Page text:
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Media (non)coverage of campaign polls: Two cheers for the Post

- May 18, 2009

The media are often, and justly, criticized for their overuse and misuse of opinion polls. There’s much more to politics than the horse race, after all, and there’s much more to gauging public opinion than just throwing together some ill-considered questions, finding some folks — doesn’t much matter who — to answer them, counting yeas and nays, and drawing overstated conclusions therefrom. My co-blogger John Sides takes special pleasure in beating up on the media (especially, it seems, Matt Bai) for such sins (here and here and here and here).

It is thus newsworthy when a prominent newspaper — in this case, the Washington Post — declines to play the usual game. There’s a governor’s race going on in Virginia, the Post ‘s home turf. It’s a pretty interesting race, too, owing largely to the high-profile candidacy of Terry McAuliffe, the former DNC chair and manager of Hillary Clinton’s failed run for the Democratic presidential nomination in 2008, and to the Democrats’ recent successes in Virginia gubernatorial elections (think Chuck Robb, Mark Warner, and Tim Kaine).

The campaign has been going on for quite a while now, but the normally poll-saturated pages of the Post have been bereft of polling results. Maybe this is because the Post, like many other newspapers, is having a tough time of it financially and is in cutback mode, so it’s not out commissioning its own surveys at the drop of a hat into the ring. Still, there’s quite a bit of polling going on around the governor’s race, and Post just isn’t reporting it. How come?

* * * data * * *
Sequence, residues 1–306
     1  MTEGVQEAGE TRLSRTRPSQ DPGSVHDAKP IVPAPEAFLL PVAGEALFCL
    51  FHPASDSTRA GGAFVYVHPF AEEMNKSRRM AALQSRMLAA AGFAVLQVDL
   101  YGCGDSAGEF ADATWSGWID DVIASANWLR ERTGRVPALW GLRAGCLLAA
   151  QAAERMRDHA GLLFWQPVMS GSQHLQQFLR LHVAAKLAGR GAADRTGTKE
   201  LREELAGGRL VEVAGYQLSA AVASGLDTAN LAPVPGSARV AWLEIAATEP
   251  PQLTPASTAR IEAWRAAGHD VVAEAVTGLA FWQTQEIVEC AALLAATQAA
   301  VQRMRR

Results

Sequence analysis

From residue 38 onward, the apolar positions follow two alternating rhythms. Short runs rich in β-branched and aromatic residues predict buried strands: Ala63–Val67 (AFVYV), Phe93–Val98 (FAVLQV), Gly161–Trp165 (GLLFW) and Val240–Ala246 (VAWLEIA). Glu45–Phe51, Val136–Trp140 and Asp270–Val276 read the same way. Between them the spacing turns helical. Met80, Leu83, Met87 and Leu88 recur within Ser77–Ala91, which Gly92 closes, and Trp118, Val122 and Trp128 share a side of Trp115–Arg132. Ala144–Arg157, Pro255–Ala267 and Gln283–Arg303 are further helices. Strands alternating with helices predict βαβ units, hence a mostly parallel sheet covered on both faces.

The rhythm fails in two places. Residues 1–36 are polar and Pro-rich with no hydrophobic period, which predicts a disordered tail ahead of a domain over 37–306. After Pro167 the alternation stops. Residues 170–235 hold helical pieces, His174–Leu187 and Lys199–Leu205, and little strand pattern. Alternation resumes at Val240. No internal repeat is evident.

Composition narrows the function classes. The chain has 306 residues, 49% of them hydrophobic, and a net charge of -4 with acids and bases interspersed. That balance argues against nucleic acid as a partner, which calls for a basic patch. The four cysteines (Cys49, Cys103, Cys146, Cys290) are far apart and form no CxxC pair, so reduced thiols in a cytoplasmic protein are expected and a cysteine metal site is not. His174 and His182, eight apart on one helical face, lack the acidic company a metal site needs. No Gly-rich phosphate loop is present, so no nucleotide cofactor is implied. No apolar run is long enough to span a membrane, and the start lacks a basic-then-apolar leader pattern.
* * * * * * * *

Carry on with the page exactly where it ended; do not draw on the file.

According to a column (gated, free) by Jon Cohen in Sunday’s Post, the answer is simple but unexpected: The Post thinks the polls that have been completed by various outfits, not to put too fine a point on it, suck, and in an unusual act of self-restraint, the Post just isn’t going to have anything to do with them. As Cohen puts it, “Our responsibility is to scrutinize the data we report as carefully as we do the sources we quote in stories. By publishing numbers of uncertain quality or ones lacking essential context, we amplify those findings, and risk misleading you.”

Good for the Post, I say. Praising an institution for not doing what it shouldn’t be doing may seem a bit over the top, but that’s what it’s come to vis-a-vis media coverage of politics, especially political campaigns.